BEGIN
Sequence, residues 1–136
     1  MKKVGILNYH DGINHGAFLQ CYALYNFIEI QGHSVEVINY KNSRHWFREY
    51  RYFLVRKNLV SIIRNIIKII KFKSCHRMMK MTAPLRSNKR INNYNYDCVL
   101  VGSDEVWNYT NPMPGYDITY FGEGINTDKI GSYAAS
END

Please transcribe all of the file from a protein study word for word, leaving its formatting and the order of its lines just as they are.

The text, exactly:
Sequence, residues 1–136
     1  MKKVGILNYH DGINHGAFLQ CYALYNFIEI QGHSVEVINY KNSRHWFREY
    51  RYFLVRKNLV SIIRNIIKII KFKSCHRMMK MTAPLRSNKR INNYNYDCVL
   101  VGSDEVWNYT NPMPGYDITY FGEGINTDKI GSYAAS